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Conference Paper: Natural history of chronic hepatitis B virus infection

TitleNatural history of chronic hepatitis B virus infection
Authors
Issue Date2000
PublisherWiley-Blackwell Publishing Asia. The Journal's web site is located at http://www.blackwellpublishing.com/journals/JGH
Citation
Journal Of Gastroenterology And Hepatology, 2000, v. 15 SUPPL. MAY, p. E20-E24 How to Cite?
AbstractIn chronic hepatitis B virus (HBV) infection acquired during adulthood, which is the type mostly seen in the Caucasian population, there is biochemical and histologic regression after HBeAg seroconversion, and the risk of death from hepatitis B-related causes is low. In chronic HBV infection acquired during birth or early childhood, which is the type most commonly seen in the Asian population, there is a prolonged phase of immunotolerance. The immune clearance phase is characterized by multiple acute exacerbations preceeded by elevations in serum HBV DNA levels, HBeAg concentration and HBeAg/anti-HBe immune complexes. Of these patients, 2.4% may develop hepatic decompensation during the stage of HBeAg seroconversion. The development of cirrhosis occurs more frequently in patients with episodes of decompensation and with repeated severe acute exacerbations. However progression to cirrhosis can be relatively silent and can occur even in children. After HBeAg seroconversion, precore and core promotor mutations occur frequently in the Asian population. However, there is little correlation between the occurrence of these mutations and alanine aminotransferase elevation in patients who are positive for anti-HBe. Although cirrhosis develops during the process of HBeAg seroconversion, 68% of the complications of cirrhosis and of hepatocellular carcinoma occur after HBeAg seroconversion. These complications may still occur even after HBsAg seroclearance. (C) 2000 Blackwell Science Asia Pty Ltd.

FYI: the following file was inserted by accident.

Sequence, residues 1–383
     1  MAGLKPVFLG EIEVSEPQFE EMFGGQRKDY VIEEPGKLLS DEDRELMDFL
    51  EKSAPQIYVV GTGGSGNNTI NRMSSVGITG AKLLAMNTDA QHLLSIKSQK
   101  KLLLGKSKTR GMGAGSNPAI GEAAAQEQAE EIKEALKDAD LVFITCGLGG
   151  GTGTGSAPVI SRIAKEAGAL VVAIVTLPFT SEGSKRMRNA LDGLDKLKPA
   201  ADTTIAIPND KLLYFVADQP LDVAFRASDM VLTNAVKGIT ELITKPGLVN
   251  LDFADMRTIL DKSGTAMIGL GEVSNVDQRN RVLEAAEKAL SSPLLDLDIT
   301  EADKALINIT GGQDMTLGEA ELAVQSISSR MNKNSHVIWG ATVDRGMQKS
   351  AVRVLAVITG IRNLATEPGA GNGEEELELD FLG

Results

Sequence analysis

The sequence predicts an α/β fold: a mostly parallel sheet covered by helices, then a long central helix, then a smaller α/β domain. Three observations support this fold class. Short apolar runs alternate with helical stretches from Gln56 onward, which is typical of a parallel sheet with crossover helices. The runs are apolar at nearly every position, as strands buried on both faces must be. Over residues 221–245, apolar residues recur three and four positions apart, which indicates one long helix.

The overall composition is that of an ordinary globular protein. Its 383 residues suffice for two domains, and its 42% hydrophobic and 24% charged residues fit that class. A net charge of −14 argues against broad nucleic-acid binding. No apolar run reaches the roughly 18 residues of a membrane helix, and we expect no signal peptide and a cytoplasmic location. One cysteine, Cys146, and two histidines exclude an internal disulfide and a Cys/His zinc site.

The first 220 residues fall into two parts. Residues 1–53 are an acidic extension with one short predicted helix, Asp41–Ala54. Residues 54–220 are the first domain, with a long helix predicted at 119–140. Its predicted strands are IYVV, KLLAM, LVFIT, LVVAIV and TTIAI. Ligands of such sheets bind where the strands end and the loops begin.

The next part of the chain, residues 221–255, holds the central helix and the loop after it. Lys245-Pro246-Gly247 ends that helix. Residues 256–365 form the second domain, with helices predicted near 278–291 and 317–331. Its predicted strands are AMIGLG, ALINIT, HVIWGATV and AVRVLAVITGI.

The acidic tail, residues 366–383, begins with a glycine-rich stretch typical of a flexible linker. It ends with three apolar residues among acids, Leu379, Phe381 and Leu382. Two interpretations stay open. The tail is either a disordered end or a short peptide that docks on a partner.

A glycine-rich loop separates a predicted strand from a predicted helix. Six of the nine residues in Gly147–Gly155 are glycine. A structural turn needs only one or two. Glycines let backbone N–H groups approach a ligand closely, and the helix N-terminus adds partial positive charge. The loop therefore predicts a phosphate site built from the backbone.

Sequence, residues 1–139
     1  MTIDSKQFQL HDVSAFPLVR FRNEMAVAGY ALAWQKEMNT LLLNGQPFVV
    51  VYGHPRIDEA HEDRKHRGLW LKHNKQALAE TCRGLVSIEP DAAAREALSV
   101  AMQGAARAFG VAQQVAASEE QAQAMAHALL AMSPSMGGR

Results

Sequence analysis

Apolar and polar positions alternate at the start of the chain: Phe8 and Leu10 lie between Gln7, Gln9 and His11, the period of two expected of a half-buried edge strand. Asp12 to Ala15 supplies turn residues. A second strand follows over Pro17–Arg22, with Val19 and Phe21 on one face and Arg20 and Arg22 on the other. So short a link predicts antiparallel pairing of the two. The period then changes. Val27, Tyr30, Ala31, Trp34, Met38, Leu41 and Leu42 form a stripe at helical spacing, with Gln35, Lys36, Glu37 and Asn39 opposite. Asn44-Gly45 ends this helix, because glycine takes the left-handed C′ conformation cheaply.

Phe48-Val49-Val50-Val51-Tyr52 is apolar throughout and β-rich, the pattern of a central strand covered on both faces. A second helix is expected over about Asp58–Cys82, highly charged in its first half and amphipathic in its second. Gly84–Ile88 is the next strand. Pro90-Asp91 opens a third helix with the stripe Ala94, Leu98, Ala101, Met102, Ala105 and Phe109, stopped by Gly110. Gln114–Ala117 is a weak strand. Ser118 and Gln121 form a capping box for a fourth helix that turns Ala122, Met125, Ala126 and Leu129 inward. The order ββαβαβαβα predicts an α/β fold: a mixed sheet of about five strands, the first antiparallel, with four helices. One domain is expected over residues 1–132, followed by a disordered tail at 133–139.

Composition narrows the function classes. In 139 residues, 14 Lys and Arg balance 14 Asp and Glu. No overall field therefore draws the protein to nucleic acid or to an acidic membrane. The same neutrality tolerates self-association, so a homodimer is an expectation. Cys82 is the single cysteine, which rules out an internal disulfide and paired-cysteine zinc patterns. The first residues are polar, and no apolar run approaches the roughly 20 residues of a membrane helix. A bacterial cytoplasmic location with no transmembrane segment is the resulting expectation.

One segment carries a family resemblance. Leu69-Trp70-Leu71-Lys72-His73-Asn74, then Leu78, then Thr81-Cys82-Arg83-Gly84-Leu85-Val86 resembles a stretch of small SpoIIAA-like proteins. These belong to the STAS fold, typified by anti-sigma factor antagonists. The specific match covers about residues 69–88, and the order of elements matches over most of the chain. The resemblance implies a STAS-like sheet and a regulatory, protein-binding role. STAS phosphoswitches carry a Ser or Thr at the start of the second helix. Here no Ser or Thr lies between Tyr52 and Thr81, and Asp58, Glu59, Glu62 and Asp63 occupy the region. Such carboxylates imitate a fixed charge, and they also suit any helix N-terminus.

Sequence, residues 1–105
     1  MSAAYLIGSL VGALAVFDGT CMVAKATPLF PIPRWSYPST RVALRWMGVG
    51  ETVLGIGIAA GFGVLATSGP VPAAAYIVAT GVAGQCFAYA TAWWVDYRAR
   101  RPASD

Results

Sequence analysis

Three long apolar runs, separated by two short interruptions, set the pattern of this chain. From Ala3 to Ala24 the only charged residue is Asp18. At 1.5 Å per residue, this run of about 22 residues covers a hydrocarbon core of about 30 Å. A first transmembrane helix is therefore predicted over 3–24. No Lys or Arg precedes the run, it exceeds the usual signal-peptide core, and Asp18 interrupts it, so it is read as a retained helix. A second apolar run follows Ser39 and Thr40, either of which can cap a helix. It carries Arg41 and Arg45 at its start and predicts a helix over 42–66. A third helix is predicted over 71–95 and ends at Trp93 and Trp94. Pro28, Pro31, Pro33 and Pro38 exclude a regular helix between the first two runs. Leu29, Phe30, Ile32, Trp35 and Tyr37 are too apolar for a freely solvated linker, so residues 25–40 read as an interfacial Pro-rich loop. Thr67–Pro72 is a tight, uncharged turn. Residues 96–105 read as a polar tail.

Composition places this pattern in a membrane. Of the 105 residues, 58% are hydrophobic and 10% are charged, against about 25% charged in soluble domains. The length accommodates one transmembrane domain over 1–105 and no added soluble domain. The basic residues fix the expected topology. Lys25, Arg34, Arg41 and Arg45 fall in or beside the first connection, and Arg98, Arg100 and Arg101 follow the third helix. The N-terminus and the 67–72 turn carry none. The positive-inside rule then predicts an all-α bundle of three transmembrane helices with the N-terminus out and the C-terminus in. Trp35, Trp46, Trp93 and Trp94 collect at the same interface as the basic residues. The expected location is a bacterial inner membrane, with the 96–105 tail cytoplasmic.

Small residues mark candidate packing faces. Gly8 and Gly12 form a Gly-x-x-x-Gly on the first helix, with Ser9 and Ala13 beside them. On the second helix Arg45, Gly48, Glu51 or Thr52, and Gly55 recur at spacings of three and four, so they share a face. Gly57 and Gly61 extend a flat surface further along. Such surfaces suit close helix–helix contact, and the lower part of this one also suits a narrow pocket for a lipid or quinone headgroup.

Persistent Identifierhttp://hdl.handle.net/10722/78501
ISSN